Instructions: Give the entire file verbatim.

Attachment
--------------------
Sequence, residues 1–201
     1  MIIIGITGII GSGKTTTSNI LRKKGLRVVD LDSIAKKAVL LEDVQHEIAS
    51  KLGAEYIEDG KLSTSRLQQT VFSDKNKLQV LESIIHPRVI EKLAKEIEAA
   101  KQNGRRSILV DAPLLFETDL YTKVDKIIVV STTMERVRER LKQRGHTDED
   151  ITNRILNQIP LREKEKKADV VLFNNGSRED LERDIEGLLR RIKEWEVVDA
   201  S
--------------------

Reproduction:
Sequence, residues 1–201
     1  MIIIGITGII GSGKTTTSNI LRKKGLRVVD LDSIAKKAVL LEDVQHEIAS
    51  KLGAEYIEDG KLSTSRLQQT VFSDKNKLQV LESIIHPRVI EKLAKEIEAA
   101  KQNGRRSILV DAPLLFETDL YTKVDKIIVV STTMERVRER LKQRGHTDED
   151  ITNRILNQIP LREKEKKADV VLFNNGSRED LERDIEGLLR RIKEWEVVDA
   201  S